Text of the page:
Road test: Mercedes-Benz GLA
We put Merc’s fun-size SUV through its paces.
There’s no one who does economies of scale quite like Mercedes. Okay, except perhaps Volkswagen, but when it comes to repackaging the same car in a different frock, Merc is a master. The A-Class hatchback provides the DNA for countless models, including this, the GLA. Mercedes’ SUV roster is big - very big - but the GLA represents the gateway drug to the range: it’s the smallest of the bunch and one of the cheaper ways to drive a crossover with a fashionable badge, therefore it’s extremely popular in this era of SUV addiction. The first version of the GLA, which arrived in 2013, hit the million mark, and this second generation has seen the styling beefed up to move it closer to a proper SUV (in looks at least) and less of an overblown A-Class. That said, while it’s grown 10cm in height and shortened 1.5cm in length, it’s still recognisably the cousin of Merc’s popular hatchback: is that a bad thing? Let’s get into that.
If you ask Mercedes it will tell you that it has deliberately factored in more of a gap between the A-Class and the GLA this time around. This has been achieved to an extent through increased headroom in the front and legroom in the back. The last model certainly felt more cramped, the 2020 GLA feels larger from the inside and is a more practical proposition for both taller drivers and passengers. The irony of many small crossovers is they often offer very little more in terms of space than the supermini they are based on, so the GLA has moved in the right direction in this regard.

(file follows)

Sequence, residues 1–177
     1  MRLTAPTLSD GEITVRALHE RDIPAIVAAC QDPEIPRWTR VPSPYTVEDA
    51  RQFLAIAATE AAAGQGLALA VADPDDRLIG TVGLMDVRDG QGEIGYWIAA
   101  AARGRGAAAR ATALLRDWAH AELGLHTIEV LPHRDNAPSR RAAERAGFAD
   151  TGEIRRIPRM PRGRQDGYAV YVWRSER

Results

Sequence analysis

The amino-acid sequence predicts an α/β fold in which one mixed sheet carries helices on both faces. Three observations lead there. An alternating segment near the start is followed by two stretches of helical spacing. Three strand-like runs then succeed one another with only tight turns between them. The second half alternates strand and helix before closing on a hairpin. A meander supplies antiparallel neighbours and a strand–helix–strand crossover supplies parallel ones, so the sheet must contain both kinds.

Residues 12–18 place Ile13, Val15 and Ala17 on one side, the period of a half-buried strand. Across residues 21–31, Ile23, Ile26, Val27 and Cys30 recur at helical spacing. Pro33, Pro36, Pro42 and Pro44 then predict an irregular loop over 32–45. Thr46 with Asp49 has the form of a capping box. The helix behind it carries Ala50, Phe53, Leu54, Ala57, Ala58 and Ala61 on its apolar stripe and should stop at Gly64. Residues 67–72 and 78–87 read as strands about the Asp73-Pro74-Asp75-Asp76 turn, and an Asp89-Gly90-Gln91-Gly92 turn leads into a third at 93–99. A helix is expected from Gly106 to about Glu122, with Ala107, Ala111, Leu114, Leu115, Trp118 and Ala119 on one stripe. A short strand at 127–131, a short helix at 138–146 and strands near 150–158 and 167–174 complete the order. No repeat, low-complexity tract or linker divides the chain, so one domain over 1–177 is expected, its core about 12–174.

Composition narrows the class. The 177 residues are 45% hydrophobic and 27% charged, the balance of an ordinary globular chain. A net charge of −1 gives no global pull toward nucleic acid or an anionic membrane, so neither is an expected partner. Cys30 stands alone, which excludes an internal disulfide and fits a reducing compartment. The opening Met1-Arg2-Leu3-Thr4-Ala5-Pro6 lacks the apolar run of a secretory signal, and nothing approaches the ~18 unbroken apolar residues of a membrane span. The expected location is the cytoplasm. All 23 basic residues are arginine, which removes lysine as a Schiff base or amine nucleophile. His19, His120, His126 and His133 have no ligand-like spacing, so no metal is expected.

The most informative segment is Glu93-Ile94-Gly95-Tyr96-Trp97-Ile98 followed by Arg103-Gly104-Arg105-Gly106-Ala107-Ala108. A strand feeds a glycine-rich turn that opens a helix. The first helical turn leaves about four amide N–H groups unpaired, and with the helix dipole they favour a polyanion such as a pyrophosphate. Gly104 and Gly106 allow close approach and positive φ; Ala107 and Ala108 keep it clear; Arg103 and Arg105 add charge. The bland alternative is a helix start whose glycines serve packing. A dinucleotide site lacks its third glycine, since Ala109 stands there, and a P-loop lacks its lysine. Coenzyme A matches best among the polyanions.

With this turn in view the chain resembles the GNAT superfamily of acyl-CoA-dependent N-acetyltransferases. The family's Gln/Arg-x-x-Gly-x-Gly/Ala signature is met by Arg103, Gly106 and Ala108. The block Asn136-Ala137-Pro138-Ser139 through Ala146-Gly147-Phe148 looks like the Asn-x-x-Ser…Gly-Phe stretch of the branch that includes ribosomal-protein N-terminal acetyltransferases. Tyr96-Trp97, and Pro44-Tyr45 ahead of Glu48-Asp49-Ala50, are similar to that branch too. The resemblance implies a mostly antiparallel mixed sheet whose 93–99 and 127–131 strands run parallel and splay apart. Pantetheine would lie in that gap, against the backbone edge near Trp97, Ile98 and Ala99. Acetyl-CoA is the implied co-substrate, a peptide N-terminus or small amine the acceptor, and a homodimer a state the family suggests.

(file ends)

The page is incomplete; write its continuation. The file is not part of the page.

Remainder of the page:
The engine range is as follows: at the entry point sits the GLA200 which is front wheel drive only and comes with a 1.3-litre turbo petrol engine good for 161bhp. Then comes two 2-litre diesels, the GLA200d producing 148bhp and the GLA220d producing 187bhp. The GLA200d can be optioned either as FWD or AWD, while the 220d is AWD only. Sitting above those is the GLA250 packing 222bhp from a 2-litre turbo petrol engine. For this review I drove the GLA 220d equipped with Mercedes’ 4MATIC all-wheel drive system.
In terms of performance, the 220d hits the sweet spot between decent power and healthy economy, with a 0-62mph time of 7.2 seconds and a combined fuel consumption of 49.6mpg. While the figure on my driver display read 41.8mpg after a few hours, in that time I was asking plenty of the engine on faster roads, so there’s little doubt the 220d is a tidy option for those who don’t want to spend their lives loitering on BP forecourts. One thing though: from the outside the engine clatters like a famer’s gate in a gale. Mercedes has done a very good job of insulating the cabin from the rattling noise, it’s only ever so slightly intrusive under heavy acceleration, but don’t expect to be inconspicuous in this car.